Nobel laureate Aung San Suu Kyi said Burma resembles other countries that have shed dictatorships, in a speech at the International Labour Organization (ILO) in Geneva on Thursday, while also calling for the rule of law, an end to ethnic conflicts and greater human rights.
Burma's opposition leader Aung San Suu Kyi is greeted by the president of the International Labour Organization Juan Somavia, right, on Thursday, June 14, 2012, at the United Nations Office in Geneva, during her first trip to Europe since 1988. Suu Kyi will visit Switzerland, Norway, Britain, France and Ireland on her more than two week tour, which will include a speech in Oslo to formally accept the Nobel Peace Prize that thrust her into the global limelight two decades ago. Photo: AFP
In her first speech in Europe in almost 25 years, she joked to a European audience: “Am I overly ambitious? Well, perhaps. I am ambitious.” Her address was broadcast live in video over the Internet.
Cheers rippled through the international audience as she said she spoke not as a government representative, before ginning and adding: “Not yet, anyway.”
Suu Kyi will participate in her first regular Parliament session in Burma when she returns from her five-city European tour. She represent a poor Karen Township on the outskirts of Rangoon.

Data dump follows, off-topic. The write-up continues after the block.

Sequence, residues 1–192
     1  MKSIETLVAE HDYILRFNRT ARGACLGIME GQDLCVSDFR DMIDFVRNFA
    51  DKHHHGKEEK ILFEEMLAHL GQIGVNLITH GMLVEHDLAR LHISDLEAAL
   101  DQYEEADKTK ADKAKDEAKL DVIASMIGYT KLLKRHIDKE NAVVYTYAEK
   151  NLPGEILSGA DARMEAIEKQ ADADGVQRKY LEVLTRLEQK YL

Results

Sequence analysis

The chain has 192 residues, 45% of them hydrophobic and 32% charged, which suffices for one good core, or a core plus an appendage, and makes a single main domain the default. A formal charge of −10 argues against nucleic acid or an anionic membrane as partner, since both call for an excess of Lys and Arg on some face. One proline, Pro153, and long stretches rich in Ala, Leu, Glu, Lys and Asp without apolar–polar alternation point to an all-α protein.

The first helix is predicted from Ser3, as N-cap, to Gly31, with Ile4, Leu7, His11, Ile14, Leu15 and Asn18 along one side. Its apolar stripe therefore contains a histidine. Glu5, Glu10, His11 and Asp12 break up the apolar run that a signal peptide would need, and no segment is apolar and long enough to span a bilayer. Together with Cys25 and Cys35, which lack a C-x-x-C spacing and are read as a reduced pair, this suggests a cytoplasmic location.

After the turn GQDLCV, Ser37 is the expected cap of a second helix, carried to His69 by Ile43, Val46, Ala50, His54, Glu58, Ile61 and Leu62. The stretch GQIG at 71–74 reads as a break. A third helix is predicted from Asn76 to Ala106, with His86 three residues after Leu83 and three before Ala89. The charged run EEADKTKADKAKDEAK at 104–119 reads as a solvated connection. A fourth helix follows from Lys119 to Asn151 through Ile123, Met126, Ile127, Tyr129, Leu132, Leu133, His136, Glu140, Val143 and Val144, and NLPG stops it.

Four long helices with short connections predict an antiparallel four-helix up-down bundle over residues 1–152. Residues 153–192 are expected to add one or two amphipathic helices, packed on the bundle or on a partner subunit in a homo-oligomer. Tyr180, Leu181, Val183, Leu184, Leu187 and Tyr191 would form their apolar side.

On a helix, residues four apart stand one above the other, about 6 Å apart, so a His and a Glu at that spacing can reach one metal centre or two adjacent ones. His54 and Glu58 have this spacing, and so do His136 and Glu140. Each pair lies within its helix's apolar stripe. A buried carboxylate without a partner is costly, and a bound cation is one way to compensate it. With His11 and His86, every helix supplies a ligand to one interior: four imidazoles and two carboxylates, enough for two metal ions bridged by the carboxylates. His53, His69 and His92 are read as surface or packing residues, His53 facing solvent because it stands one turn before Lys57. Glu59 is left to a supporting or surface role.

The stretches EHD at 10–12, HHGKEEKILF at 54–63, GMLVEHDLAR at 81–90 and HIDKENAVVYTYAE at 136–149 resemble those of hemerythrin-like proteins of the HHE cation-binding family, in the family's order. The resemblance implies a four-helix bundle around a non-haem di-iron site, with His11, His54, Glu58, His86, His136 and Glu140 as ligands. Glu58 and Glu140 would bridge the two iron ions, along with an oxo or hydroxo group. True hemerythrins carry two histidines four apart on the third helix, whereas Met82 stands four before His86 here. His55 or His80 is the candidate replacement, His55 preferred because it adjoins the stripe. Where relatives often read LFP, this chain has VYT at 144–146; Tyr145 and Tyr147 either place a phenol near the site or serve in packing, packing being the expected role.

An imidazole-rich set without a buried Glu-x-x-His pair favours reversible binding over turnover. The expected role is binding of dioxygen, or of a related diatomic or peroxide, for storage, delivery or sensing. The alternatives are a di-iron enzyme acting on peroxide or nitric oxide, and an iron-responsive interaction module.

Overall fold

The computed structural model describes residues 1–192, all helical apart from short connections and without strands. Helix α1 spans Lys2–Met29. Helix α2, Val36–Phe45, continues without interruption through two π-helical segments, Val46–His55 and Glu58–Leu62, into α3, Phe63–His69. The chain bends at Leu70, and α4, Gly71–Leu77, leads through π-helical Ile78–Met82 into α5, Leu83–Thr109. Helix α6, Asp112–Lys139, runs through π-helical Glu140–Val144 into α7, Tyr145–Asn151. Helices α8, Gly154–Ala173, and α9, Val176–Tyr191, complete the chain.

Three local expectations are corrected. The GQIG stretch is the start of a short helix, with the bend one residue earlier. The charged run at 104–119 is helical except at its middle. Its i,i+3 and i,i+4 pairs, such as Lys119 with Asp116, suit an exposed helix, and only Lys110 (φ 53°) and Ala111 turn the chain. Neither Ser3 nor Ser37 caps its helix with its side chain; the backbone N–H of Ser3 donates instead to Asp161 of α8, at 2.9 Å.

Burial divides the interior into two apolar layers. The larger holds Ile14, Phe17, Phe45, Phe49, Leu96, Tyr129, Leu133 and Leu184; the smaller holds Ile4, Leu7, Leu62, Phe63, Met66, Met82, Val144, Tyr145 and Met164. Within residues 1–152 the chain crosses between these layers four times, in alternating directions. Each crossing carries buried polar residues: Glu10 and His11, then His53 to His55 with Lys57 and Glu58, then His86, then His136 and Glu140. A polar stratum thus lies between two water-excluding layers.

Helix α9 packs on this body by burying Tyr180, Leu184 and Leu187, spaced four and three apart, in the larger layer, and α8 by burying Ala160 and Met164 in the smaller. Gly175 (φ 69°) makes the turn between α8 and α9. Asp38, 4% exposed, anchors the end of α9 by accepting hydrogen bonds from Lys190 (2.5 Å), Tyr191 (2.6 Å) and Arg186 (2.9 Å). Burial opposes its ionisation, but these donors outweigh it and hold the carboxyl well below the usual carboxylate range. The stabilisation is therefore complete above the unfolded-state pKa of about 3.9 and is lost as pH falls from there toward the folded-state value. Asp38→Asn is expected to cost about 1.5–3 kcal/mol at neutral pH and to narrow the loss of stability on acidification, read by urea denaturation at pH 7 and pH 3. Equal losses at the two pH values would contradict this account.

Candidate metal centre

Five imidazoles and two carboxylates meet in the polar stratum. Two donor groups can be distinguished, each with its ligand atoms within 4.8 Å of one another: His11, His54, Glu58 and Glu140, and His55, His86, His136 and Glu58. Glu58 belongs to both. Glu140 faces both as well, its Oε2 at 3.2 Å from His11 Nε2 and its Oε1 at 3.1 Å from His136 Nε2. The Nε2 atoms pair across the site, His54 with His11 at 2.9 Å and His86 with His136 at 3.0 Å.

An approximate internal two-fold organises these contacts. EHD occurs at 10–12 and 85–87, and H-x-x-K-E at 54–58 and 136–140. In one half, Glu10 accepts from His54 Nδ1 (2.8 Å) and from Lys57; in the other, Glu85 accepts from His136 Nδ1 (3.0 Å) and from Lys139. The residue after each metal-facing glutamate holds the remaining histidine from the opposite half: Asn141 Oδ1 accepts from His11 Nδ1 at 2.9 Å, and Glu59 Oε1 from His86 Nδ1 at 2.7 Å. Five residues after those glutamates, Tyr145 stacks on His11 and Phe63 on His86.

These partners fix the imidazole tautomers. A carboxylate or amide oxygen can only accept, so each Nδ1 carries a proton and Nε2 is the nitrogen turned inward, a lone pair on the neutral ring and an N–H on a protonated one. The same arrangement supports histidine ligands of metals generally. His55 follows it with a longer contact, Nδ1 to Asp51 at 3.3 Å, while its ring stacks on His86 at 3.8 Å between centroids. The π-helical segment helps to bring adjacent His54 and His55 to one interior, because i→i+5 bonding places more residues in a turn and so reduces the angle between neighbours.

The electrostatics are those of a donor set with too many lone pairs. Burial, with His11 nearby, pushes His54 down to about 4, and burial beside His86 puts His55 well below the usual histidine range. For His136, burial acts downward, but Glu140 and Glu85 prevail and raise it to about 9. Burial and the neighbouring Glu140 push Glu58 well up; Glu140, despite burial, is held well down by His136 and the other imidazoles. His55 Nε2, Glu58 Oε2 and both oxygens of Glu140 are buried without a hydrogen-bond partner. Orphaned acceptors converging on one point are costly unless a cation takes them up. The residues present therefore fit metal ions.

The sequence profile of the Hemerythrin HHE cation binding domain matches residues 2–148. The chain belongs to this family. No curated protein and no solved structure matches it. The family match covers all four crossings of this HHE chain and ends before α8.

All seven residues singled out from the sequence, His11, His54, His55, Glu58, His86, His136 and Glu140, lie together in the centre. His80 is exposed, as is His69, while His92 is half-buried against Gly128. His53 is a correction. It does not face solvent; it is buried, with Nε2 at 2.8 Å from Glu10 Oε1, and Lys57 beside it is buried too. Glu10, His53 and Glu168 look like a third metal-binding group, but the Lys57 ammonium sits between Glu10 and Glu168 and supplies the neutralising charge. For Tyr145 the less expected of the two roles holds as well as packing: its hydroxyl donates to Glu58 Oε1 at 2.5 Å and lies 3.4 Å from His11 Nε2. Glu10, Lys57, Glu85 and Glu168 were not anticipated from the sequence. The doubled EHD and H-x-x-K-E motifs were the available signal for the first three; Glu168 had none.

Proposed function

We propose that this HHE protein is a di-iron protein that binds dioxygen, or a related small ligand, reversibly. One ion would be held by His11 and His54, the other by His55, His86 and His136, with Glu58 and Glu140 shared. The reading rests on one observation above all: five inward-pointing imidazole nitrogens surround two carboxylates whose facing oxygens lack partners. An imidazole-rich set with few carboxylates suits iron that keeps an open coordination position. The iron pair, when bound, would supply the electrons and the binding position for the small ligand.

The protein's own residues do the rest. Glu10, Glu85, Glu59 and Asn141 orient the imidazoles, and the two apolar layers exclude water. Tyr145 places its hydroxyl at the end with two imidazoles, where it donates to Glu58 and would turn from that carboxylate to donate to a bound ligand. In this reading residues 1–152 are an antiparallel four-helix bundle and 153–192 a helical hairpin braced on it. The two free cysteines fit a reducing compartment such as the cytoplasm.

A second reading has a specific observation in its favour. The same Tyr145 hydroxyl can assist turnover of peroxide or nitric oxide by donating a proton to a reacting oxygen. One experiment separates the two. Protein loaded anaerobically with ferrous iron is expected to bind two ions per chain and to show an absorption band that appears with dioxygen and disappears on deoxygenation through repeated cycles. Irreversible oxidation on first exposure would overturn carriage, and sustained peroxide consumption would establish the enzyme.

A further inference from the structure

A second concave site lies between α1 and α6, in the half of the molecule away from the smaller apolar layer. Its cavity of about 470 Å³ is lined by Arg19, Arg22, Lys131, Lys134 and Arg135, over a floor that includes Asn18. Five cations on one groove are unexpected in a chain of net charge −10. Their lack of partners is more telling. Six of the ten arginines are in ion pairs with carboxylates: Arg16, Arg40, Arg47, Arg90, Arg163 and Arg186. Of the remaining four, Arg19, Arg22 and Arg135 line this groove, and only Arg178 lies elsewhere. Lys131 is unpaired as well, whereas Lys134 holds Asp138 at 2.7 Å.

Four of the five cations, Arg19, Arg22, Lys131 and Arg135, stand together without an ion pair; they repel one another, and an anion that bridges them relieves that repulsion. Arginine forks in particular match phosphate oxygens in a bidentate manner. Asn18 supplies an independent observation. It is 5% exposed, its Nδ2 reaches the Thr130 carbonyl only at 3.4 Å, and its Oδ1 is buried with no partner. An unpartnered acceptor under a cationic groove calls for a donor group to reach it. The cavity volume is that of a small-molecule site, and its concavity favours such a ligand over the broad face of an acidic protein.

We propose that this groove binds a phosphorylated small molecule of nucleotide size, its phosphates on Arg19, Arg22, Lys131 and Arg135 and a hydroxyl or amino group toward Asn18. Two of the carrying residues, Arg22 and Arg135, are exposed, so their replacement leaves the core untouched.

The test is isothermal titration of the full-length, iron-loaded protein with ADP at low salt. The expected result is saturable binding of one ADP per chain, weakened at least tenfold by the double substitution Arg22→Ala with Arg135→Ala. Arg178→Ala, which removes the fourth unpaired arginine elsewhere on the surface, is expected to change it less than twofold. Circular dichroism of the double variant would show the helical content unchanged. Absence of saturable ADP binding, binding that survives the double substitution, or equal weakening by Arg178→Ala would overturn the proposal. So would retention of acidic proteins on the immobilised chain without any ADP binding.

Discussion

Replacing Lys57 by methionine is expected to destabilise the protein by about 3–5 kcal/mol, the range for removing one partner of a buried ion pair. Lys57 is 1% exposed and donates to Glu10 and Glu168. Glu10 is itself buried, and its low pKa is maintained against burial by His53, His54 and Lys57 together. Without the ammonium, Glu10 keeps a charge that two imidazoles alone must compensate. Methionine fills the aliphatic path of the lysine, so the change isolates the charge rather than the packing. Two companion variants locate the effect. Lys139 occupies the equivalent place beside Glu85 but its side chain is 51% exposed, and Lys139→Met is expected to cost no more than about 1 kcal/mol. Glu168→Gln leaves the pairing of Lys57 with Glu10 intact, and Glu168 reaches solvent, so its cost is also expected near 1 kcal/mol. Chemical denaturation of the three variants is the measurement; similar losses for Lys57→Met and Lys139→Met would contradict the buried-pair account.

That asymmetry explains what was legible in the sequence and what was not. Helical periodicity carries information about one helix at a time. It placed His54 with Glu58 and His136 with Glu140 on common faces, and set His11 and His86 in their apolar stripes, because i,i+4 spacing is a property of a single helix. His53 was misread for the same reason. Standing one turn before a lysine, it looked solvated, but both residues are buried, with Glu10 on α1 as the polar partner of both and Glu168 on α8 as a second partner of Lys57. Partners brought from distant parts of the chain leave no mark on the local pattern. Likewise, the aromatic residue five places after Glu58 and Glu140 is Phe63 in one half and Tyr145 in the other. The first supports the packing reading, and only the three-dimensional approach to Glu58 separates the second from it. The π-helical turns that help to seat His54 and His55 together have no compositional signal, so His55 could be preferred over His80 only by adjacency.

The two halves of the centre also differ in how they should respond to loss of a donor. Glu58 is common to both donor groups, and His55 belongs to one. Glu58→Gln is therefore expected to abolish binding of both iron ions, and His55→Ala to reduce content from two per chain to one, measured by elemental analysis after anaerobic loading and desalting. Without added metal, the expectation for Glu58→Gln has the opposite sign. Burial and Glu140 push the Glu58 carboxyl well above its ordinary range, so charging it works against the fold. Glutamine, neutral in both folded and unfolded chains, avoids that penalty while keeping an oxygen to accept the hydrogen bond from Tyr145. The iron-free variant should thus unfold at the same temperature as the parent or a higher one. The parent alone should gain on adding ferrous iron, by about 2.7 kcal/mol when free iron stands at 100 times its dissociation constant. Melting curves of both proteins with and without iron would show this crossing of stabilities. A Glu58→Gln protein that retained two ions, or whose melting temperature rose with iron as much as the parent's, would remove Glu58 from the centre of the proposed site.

She said Burma, now under a quasi-elected government, is similar to South American countries that have shed dictatorships.
The ILO just reinstated Burma as a member based on its improved labour laws and its recent commitment to end forced labour by 2015, after 13 years of isolation.
Geneva is the first stop on her two-week tour. During her trip, she will collect her long deferred Nobel Peace Prize in Oslo that she was awarded in 1991, which she was unable to accept in person at the time because she was under house arrest.
While in Europe, she is also scheduled to address both houses of the British Parliament, be the guest of honor at a concert in Dublin, Ireland, and celebrate her 67th birthday with her two sons who live in Britain.
In Dublin, she will be the special guest at a concert, “Electric Burma,” organized by Art for Amnesty. Amnesty International, which has campaigned for Suu Kyi and other political prisoners in Burma, will award Suu Kyi its highest honor, the Ambassador of Conscience Award. Past recipients include Nelson Mandela and Vaclav Havel.
Bono, who has long dedicated his song “Walk On” to Suu Kyi at U2 concerts, will present the award.
From Ireland, she travels to Britain to celebrate her birthday on Tuesday, before she addresses lawmakers at Westminster Hall in London on June 21, an honor usually reserved for heads of state.
Suu Kyi's will end her tour in Paris, where she will be a guest of French President Francois Hollande from June 26 to 29 in honor of her fight for democracy, according to government officials.
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